Denial of Alt-Right Extremism Led to Charlottesville Tragedy

Sep 02

An abbreviated version appeared in the Florida Times UnionSeptember 2, 2017

A few months ago, I asked a former state legislator, why he failed to cite far-right terrorism as a national security challenge during his panel discussion regarding immigration and refugees. He asked me to cite one evidence of far-right terrorism in America. Oklahoma City. That’s just one, he claimed. What about Charleston? He insisted that in America the norm was “Islamic terrorism.” He is not alone with such blind spots.

Mayor Lenny Curry was among a handful of city mayors in full throated support of President Trump’s executive order banning refugees and travelers from several Muslim-majority countries. Our local congressional representatives, John Rutherford and Ron DeSantis, also gave unquestioned support to this order. Partisan support for such bans notwithstanding, refugees nor citizens from the countries on the banned list have killed anyone in any act of terror in America.

In Charlottesville, a white supremacist used ISIS inspired methods to mow down anti-racist protestors, killing one and injuring 19. The dangers from such homegrown terrorists, who are now emboldened to gather in large numbers holding Nazi flags in one hand while clutching their semi-automatic guns with the other, have generally been downplayed. Charlottesville is the bitter fruit of scapegoating those who are perceived as the “other” while ignoring the dangers of extremism from “our own.”

Through my service on FBI’s local civil rights task force, I learnt that law enforcement agencies are vigilant about the dual threats posed by right-wing militants and self-radicalized Muslims. According to one count, from Sept. 12, 2001, to Dec. 31, 2016, violent extremism in the US has claimed 225 lives, 47 percent from far-right extremists and the remaining from radical Islamic extremists. To the detriment of our national security, many of our political leaders, focus exclusively on threats from Muslims, while ignoring the threat from the far-right, euphemistically labeled the Alt-Right.

In February 2016, Newsweek ran a story with the headline, “Right-Wing Extremists are a Bigger Threat to America than ISIS,” which noted, “Multiple confidential sources notified the FBI last year that militia members have been conducting surveillance on Muslim schools, community centers and mosques in nine states for what one informant described as ‘operational purposes.’ …The FBI also learned that right-wing extremists have created bogus law enforcement and diplomatic identifications, not because these radicals want to pretend to be police and ambassadors, but because they believe they hold those positions in a government they have created within the United States.” In Charlottesville, many of the white supremacists were better armed than the police. They came in full battle gear, intending harm. Some reports indicate that a white supremacist shot at the police and yet the police “never moved.” Imagine if they were Blacks or Muslims. Would they have returned home to peacefully sleep in their beds while the rest of the nation lies restlessly awake?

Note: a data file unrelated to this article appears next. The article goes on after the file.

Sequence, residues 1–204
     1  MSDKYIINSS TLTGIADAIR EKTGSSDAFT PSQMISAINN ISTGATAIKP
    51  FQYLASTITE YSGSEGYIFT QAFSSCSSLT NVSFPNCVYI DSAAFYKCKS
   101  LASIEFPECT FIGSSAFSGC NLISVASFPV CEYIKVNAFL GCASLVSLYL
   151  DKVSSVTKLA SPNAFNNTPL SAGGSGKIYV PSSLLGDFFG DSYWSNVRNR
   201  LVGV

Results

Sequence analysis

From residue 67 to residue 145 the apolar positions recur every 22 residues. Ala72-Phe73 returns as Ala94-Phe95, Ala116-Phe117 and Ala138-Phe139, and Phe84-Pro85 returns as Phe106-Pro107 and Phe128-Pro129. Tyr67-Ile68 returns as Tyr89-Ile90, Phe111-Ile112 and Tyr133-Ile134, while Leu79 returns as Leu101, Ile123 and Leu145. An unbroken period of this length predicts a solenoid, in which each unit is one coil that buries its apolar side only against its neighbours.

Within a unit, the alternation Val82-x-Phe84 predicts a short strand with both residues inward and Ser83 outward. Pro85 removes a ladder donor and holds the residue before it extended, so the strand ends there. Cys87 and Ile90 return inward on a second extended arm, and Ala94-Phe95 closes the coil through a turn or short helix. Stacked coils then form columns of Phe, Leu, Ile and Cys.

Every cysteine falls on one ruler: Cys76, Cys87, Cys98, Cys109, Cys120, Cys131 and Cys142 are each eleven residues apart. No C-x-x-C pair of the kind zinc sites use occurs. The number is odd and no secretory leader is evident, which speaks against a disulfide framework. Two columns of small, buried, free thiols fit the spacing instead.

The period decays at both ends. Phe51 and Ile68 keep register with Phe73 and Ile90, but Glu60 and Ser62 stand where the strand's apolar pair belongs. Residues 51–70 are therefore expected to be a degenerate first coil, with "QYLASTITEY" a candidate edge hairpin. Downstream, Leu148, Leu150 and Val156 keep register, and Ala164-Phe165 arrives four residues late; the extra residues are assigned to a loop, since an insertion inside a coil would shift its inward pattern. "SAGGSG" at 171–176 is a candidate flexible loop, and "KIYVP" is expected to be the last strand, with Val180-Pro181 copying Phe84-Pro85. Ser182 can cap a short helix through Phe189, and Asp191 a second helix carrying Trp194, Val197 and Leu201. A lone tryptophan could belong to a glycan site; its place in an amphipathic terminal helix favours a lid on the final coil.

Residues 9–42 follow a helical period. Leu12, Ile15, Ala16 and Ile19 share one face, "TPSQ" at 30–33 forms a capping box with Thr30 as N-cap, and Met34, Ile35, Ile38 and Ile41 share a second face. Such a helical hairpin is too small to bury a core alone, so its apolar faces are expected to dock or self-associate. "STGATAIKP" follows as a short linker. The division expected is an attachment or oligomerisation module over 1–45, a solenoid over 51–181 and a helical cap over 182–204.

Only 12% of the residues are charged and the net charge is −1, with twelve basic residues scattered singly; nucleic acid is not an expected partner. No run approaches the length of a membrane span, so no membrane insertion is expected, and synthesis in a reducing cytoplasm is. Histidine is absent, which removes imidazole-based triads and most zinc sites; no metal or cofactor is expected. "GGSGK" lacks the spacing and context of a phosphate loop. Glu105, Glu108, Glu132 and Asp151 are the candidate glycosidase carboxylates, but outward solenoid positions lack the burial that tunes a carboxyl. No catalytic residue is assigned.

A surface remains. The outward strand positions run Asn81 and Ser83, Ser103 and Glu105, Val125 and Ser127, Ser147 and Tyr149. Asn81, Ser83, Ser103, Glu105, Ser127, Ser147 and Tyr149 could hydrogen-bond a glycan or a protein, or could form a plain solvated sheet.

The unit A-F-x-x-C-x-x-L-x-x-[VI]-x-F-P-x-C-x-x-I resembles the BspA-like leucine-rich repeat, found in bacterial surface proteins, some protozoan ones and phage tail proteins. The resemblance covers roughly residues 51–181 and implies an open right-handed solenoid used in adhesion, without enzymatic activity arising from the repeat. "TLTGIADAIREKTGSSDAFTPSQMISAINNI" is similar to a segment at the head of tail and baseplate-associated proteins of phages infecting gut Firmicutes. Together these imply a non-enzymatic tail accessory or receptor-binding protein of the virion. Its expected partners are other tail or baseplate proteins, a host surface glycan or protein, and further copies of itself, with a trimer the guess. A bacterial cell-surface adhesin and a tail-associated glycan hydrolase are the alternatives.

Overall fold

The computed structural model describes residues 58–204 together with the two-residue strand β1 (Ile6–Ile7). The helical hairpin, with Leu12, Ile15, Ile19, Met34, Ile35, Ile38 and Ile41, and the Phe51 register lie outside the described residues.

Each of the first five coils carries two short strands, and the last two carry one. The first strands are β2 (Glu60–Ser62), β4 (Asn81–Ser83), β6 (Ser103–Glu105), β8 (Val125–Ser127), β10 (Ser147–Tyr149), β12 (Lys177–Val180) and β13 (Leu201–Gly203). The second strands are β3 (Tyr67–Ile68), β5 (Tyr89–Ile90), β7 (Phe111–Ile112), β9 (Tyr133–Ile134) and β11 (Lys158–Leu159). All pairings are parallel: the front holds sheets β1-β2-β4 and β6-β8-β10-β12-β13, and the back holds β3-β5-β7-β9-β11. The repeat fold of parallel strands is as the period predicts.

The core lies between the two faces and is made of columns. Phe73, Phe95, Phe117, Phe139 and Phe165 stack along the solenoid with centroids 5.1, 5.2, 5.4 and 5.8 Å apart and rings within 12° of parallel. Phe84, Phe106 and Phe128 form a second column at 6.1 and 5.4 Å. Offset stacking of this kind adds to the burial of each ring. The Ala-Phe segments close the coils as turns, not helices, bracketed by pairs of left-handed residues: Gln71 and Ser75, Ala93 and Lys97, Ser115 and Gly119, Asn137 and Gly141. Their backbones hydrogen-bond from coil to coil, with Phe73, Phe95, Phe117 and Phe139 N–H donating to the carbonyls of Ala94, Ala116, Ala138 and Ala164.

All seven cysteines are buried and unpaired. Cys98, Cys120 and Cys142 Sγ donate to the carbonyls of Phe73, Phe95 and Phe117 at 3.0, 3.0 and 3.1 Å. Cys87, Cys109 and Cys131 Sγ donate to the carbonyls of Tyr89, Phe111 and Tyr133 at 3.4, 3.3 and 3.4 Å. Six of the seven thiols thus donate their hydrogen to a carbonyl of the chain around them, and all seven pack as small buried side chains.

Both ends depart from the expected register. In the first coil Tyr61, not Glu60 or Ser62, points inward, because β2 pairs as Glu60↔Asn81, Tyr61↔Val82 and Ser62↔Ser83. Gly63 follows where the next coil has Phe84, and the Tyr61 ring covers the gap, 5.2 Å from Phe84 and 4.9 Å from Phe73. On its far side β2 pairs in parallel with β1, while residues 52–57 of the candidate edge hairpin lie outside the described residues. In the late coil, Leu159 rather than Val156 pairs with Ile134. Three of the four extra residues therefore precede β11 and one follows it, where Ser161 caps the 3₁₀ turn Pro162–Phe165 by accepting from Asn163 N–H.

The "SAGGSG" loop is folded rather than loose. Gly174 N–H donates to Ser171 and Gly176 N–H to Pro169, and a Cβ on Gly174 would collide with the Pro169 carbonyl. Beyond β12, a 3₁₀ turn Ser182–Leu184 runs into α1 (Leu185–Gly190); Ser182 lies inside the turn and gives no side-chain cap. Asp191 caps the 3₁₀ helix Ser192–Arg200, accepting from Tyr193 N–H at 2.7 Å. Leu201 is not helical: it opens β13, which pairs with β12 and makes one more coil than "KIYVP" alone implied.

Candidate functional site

Earlier this year, Arie Perliger, Director of Security Studies at the University of Massachusetts Lowell issued a chilling warning, “Despite an uptick in far-right violence …., the White House wants to cut spending for programs that fight non-Muslim domestic terrorism. … This approach is bound to weaken the authorities’ power to monitor far-right groups, undercutting public safety. How many more innocent people like …. have to die before the U.S. government starts taking the threat posed by violent white supremacists more seriously?”

Trump’s statements blaming first “many sides” and then “both sides” for Charlottesville while asserting that there are “very fine people” among those carrying swastika flags, has deepened our racial and religious divides. With that wound still gaping, Trump has gone on to pardon the controversial Sheriff Arpaio, who was convicted of racially profiling Latinos. Not too long ago, Trump’s White House harbored Steve Bannon and Sebastian Gorka, mouthpieces for the Alt-Right. Evangelical leaders who pound their fists at “radical Islamic terrorism” are suddenly at a loss of word after Charlottesville. In addition, a new poll shows that 1 in 5 Trump voters think there were indeed “very fine people” among white supremacists.

What is radicalizing young white men? Look no further than the words and actions of our leaders, many of whom have lost the moral authority to claim such a mantle.